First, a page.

New Zealand Longitudinal Census development
25/08/2016 | 13:00 - 13:04     Station 8

Gareth Minshall
Statistics New Zealand

Presentation Type: Multimedia Poster

Themes: Analytical approaches to distributed data, Applied projects and Data and linkage quality

Session: Multi-media Poster Presentation Session 2

Authors:

Inny Kang


Objective:

The aim for the New Zealand Longitudinal Census (NZLC) is to link data from seven recent censuses (1981-2013) and develop weight methodology to reduce the potential for link bias in the NZLC.

Approach:

he most workable way to create a longitudinal census dataset was to link adjacent pairs of censuses and then to link these census pairs together creating six linked pairs covering the seven censuses from 1981 to 2013. We refined the deterministic linking in the six pairs and then added probabilistic linking, where possible, for the remaining records in each of the theoretically linkable populations. The linking of the 2006 and 2013 Censuses was methodological challenge as the interval between censuses was 7 years instead of the normal 5 years between censuses. The challenge was heightened by having a question that asked for respondent address five years ago (ie in 2008). In the linking of six censuses from 1981 to 2006, we had included indicators that identified completely linked and partially linked families. To link 2013-2006 census pairs, more variables were added in the probabilistic linking stage including geographic variables and new derived variables which included the combination of the role types within family group, family number, and sex variables. In developing weights for the linked pairs, all variables were changed into numeric values and then categorised. The data was then divided into male and female and logistic regression was used to predict probabilities of being liked.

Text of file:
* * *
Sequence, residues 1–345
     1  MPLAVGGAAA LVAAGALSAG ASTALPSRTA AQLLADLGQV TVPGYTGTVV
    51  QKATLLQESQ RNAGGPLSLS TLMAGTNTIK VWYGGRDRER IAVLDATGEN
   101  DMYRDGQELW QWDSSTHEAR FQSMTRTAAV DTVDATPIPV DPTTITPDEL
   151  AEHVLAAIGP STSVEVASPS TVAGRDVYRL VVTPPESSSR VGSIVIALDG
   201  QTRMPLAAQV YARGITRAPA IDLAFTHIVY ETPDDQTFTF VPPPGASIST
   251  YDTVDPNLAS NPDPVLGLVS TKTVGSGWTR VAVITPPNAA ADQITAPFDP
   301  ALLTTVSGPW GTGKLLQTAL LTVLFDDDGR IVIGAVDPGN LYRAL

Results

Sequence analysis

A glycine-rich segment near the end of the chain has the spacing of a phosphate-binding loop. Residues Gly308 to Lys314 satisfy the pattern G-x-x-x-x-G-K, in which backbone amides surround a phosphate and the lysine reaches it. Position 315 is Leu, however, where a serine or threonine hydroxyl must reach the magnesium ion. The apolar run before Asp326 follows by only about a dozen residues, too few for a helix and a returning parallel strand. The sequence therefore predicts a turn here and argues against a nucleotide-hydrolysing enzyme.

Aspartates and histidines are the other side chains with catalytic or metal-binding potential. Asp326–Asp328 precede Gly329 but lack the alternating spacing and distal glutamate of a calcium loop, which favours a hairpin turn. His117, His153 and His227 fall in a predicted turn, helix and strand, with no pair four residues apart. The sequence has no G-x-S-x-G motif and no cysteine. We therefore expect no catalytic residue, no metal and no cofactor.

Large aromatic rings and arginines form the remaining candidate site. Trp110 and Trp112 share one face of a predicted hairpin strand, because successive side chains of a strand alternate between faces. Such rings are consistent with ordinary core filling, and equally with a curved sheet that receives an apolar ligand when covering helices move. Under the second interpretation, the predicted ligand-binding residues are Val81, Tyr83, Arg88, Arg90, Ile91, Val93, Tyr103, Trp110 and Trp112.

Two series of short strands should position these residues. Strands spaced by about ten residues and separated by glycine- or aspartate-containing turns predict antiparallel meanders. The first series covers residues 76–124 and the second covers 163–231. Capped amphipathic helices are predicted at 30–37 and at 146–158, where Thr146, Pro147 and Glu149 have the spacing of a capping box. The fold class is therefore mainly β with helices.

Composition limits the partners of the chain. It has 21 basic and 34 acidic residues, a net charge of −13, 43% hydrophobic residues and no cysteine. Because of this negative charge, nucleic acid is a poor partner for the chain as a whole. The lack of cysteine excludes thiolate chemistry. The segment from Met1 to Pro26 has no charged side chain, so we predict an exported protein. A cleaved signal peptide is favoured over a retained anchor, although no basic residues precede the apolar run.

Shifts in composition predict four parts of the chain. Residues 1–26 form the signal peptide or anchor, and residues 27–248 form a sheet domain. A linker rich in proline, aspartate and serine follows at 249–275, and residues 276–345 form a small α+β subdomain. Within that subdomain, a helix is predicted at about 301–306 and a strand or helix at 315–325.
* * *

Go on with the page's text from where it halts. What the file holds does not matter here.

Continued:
Results:

The size of linked populations is relatively stable across similar time spans. We linked the majority of linked records in the deterministic stage which contributed links of for two-thirds of the theoretical populations. The subsequent stages included deterministic linking and probabilistic linking which added approximately 5 percentage points to the link.

Conclusion:

The linking of census datasets from 1981 to 2013 to form a longitudinal data source allowed us to understand important aspects of population change across time which cannot be derived from simple cross. It provides a major new source of the analysis for insights into New Zealand demographic and social outcomes. Currently we are creating a set of generic weights for each individual record that may be applied in various research scenarios. Weighting of longitudinal data, as a part of NZLC, requires substantial in-depth statistical analysis of bias and coverage.


Conference Proceedings Published By

International Journal of Population Data Science